HL Deb 26 July 1860 vol 160 cc181-3

rose to call the attention of Her Majesty's Government to a recent statement in the Bermuda Convict Establishment Report, 1860, page 15, by the chaplain, as to the condition of the convicts. In every other part of the British Empire the system of hulks had been abolished, but it was retained at Bermuda. All persons who had turned their attention to the subject said that, from want of space, and other causes it was perfectly impossible to exercise a supervision over the convicts, and to enforce discipline among them on board of hulks. By the last Returns, of 1,500 convicts in confinement at Bermuda, two-thirds were confined in hulks. The effect of this on the prisoners would be best described by quoting a passage from the Report of the Chaplain. The rev. gentleman said:— It is my painful conviction, after some years' experience of the matter, that the great majority of the prisoners confined in the hulks become incurably corrupted, and that they leave them, in most cases, more reckless and hardened in sin than they were upon reception. He then went on to describe convict life between decks in this very strong language:— Few are aware of the extent of suffering to which a prisoner is exposed on board the hulks, or the horrible nature of the associations by which he is surrounded. There is no safety for life, no supervision over the bad, no protection to the good. The hulks are unfit for a tropical climate. They are productive of sins of such foul impurity and unnatural crime that one even shudders to mention them. In the close and stifling nights of summer the heat between decks is so oppressive as to make the stench intolerable, and to cause the miserable inmates frequently to strip off every vestige of clothing and gasp at the port-holes for a breath of air. A mob law, and tyranny of the strong over the weak, exists below, which makes the well-disposed live in constant misery and terror; and when the passions of these lawless and desperate men are excited by quarrels among themselves the most deadly and murderous affrays are the consequence. The spectacle on board the Medway hulk upon the 1st of June last, when one prisoner was slain and twenty-four desperately wounded, would have appalled any humane heart. The hulk was a perfect shambles, and a frightful scene of uproar, excitement, and bloodshed. Suffice it to say, that a mere handful of warders was powerless to deal with the armed mob below decks. All that could be done was to fasten down the hatches, and when the work of butchery and carnage was over descend below to fetch up the dead and wounded. It was not too much to say that if this statement were true the Bermuda hulks were practically a repetition of Norfolk Island and all its abominations. He was for punishing criminals as severely as their crimes merited, but the State was not justified in treating them in such a manner that when they went out into the world again they were infinitely more depraved than before. It might be doubted whether the Chaplain's feelings had led him to over-colour this picture, but he was afraid that was not the case. The mere fact of the existence of the hulks was very much in favour of his statement, and its accuracy was confirmed too by the very significant words with which the medical officer concluded his Report:— Permit me, in conclusion, to state, there are many subjects connected with the well-being of the convict establishment, of which I could wish to make some observations, but decline doing so, as it would doubtless be considered unbecoming in me to extend my remarks to subjects not affecting my own department. He observed that last year there were not less than 1,200 prison offences committed, and that alone augured an unwholesome and unsatisfactory state of things. It was stated that the accommodation for the officers was so miserably bad that they were constantly resigning; that fourteen officers were crowded in a room thirty feet long by thirty feet wide; and that the changes by resignations prevented their becoming acquainted with the individual habits of the convicts under their charge. The Governor was absent when the Chaplain's Report was sent off, but his locum tenens accompanied the Report with the comment that he did not see any good reason why the conduct of the men at the hulks should be worse than in a prison on shore. If it were not worse it would be contrary to all experience. The Governor, after his return to the island, wrote a despatch, in which he said he had read the Chaplain's report with astonishment, and that he hoped he had been enormously imposed upon by the accounts of the prisoners. He feared that, if there had been any imposition, the Governor, and not the Chaplain, had been the subject of it. He trusted that Her Majesty's Government would order the most searching inquiry, and that, if the Chaplain's account proved correct, no consideration would deter them from dealing summarily with the matter, and, if necessary, abolishing the hulks.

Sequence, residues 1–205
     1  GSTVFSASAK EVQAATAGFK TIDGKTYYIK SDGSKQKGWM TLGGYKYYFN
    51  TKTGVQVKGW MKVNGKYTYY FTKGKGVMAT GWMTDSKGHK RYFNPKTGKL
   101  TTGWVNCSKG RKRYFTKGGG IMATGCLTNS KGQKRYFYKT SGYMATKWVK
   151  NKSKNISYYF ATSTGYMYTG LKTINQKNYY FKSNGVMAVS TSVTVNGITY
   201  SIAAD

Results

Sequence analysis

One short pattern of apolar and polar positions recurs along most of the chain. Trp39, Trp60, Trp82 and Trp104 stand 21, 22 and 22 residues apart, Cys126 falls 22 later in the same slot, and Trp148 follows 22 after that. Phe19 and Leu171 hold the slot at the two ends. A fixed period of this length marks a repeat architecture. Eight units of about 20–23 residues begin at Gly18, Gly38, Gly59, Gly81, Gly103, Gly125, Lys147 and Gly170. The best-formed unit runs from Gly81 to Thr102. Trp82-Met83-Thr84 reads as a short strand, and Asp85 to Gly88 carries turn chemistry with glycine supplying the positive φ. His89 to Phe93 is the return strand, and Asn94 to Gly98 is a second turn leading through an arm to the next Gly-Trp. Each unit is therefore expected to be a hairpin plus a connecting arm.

said, the Governor of the island had expressed a doubt about the accuracy of the statements contained in that Report, while at the same time he paid a high tribute to the merits of the Chaplain. Steps had been taken for the purpose of obtaining further information upon the subject, but no answer had as yet been received to the inquiries which were made.